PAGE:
Pacifica Prize


A joint project of Esalen Institute in Big Sur, California and TRACK TWO: An Institute for Citizen Diplomacy, based in San Francisco, The Esalen Pacifica Prize was launched earlier this year to highlight the role of the arts in enriching and deepening ties between Russia and the United States across a range of common interests – cultural, scientific, business and economic.


Daria Bonet, Olga Bulgakova, Rema Ghuloum, Sarah Hotchkiss

This year’s winners of the Esalen Pacifica Prize are all accomplished, young artists whose distinct styles and talents signal great promise for future success. While all four regard themselves primarily as painters, their preferred traditions range from realism and impressionism to abstract, geometric and structural design. In interviews during their residency at Esalen Institute this spring, each of the artists described their initial interest in the Esalen Pacifica Prize as an opportunity to explore and enrich their artistic vision and experience. In spite of the many “divides” – geography, language, culture, painting traditions – the four achieved a remarkable understanding and common purpose, as evidenced in their numerous collaborative works. All four artists have recently completed their graduate studies and intend to pursue careers in fine arts.

Daria Bonet lives and works in Vladivostok.  A 2011 graduate of the Far Eastern Academy of the Arts, she currently teaches painting privately; works as a designer at the Arsenyev Museum, and is studying vitrage technique.  Her work has been exhibited in the Russian Federation at leading venues in the Primorsky Region and, most recently, in St. Petersburg.

Olga Bulgakova lives and works in Vladivostok. Currently, she specializes in commissioned ornamental wall paintings; teaches painting privately; and is studying vitrage technique.  She is a 2011 graduate of the Far Eastern Academy of the Arts and completed undergraduate studies at the Vladivostok Art School. In recent years, she has exhibited extensively in the Primorsky Region of the Russian Federation.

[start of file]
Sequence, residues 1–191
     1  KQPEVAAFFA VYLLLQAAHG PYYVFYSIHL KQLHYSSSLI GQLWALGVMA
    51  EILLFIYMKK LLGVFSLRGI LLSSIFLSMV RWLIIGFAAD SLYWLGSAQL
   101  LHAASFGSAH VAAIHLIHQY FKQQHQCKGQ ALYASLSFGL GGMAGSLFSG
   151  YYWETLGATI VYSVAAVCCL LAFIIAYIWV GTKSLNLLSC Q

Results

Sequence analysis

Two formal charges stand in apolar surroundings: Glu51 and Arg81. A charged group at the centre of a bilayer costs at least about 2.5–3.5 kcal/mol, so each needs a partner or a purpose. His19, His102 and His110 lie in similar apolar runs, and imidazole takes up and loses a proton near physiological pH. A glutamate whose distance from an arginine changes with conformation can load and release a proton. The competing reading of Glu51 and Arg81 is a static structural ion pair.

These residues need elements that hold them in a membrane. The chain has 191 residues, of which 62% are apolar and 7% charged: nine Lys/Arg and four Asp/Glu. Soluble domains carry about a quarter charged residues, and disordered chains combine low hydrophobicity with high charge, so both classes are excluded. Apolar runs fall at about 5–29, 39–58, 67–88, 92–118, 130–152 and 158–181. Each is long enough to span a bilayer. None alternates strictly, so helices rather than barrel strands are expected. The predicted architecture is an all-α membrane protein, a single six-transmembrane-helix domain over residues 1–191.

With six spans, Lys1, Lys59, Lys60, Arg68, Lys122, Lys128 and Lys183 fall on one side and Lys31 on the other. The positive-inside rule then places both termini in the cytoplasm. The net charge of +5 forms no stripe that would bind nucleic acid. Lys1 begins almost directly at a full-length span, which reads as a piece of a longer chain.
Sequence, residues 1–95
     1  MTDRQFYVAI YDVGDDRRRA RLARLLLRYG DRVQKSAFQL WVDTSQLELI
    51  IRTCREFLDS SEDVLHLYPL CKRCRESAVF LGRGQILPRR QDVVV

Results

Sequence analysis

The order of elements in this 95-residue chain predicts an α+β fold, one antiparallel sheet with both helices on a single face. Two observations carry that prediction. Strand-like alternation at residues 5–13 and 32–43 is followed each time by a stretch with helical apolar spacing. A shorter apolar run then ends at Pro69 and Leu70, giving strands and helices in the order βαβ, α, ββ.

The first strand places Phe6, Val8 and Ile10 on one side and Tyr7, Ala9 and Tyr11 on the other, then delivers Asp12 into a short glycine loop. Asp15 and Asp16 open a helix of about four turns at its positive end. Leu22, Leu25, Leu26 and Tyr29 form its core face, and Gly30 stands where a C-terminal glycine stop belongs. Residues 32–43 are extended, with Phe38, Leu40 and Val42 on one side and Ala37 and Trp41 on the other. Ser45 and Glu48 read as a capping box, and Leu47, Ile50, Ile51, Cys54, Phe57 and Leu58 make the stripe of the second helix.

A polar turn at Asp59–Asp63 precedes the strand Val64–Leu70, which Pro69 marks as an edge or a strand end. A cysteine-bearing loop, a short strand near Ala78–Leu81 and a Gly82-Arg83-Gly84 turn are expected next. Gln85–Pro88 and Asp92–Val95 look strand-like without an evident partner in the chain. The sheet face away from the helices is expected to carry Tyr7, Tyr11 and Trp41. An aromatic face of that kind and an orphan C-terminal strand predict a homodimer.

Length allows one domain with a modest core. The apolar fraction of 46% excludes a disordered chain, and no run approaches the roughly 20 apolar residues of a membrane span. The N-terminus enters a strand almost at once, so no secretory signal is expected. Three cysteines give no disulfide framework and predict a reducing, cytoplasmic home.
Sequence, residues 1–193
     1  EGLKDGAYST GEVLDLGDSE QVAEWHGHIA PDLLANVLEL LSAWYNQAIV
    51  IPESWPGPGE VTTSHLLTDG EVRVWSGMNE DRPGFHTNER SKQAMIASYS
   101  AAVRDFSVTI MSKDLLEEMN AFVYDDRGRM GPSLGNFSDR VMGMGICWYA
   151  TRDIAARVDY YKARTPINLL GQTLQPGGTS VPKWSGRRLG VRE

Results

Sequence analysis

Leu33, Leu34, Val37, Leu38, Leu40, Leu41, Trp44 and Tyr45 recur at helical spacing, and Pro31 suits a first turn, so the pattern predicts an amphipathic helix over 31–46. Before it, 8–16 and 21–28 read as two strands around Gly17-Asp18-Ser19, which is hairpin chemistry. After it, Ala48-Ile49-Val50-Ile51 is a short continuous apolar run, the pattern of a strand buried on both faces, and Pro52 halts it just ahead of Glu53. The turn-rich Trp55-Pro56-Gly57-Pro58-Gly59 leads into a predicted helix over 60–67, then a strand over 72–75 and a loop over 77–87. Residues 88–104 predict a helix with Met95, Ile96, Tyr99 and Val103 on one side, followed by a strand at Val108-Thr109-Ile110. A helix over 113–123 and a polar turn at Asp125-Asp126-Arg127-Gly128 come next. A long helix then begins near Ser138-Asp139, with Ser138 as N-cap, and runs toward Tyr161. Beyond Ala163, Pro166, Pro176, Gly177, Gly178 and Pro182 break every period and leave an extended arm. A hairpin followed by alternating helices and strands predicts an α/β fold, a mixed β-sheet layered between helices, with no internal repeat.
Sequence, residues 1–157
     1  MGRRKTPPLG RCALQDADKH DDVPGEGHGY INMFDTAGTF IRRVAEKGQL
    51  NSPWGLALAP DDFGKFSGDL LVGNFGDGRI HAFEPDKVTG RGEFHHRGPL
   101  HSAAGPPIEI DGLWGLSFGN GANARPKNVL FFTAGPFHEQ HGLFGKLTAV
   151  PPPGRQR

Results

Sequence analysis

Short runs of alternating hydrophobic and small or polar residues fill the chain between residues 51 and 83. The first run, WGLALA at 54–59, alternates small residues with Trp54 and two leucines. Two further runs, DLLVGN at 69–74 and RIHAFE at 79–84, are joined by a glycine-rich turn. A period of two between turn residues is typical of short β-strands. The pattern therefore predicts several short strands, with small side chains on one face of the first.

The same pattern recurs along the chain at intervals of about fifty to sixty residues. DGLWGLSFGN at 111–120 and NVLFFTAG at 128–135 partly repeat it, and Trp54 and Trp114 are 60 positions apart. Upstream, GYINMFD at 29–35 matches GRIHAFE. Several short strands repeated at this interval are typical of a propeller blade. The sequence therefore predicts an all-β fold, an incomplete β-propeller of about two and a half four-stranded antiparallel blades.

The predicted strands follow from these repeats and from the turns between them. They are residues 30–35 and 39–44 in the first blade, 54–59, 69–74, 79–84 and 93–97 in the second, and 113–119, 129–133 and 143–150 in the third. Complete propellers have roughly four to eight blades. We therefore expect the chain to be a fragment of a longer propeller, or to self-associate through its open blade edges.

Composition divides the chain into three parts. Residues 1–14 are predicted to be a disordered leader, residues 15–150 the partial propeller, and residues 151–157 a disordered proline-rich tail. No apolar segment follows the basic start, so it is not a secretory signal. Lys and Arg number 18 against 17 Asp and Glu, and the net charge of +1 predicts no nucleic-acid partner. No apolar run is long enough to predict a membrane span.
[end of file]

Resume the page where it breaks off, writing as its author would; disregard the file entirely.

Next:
Rema Ghuloum, from Los Angeles, California, will begin teaching as a professor of art at California State University in Long Beach, California, in the fall of 2012.   She completed her undergraduate studies in drawing and painting at California State University, Long Beach, and obtained a Master of Fine Arts (MFA) degree from the California College of the Arts in San Francisco in 2010. She has exhibited her work nationally, including in solo exhibitions, and has won numerous awards and art residencies.

Sarah Hotchkiss is based in San Francisco, California.  When not painting, she is a regular contributor of art reviews to local media and also devotes time to exploring how art can be used to illuminate visions of the future.  A graduate of Brown University, she received a Master of Fine Arts (MFA) degree from California College of the Arts in San Francisco in 2011.   She has exhibited her work in several major cities in the US and has received numerous awards, including several residencies.


Pacifica Prize Background

Rooted in the long tradition of nongovernmental cultural exchange between peoples of Russia and the US, The 2012 Esalen Pacifica Prize was conceived to create new and enduring connections between the artistic and larger communities of Vladivostok, Russia’s largest Pacific Ocean port, and the California coastal communities of San Francisco and Big Sur.

In cooperation with the California College of the Arts, based in San Francisco, and The Far Eastern Academy of the Arts in Vladivostok, a group of four young, talented artists (two graduates from each institution) were selected in early 2012 as the first recipients of The Esalen Pacifica Prize.  The four artists, specialists in painting and drawing, then spent four weeks in May working and living together at Esalen’s breathtakingly beautiful campus overlooking the Pacific.

From May 18-20, 2012, during the residency of the artists, Esalen hosted a public arts weekend workshop focused on the power of art to connect and inspire new thinking about areas of common interest, with subjects ranging from Russia’s evolving role in Asia’s economy to the impact of climate change on the Pacific Ocean.  Session leaders included representatives from The Asia Society, Scripps Oceanic Institute, and the Dean of the California College of the Arts. The weekend’s highlight was the first exhibition of the collaborative paintings created by the artists during their residency held at Esalen’s arts center, The Art Barn.

The Pacifica Prize also includes two exhibitions of the works: in San Francisco and in Vladivostok, where the American winners will travel for the show.

Based on the initial success of this project, the organizers hope to expand The Esalen Pacifica Prize to include other arts disciplines and locales in the future.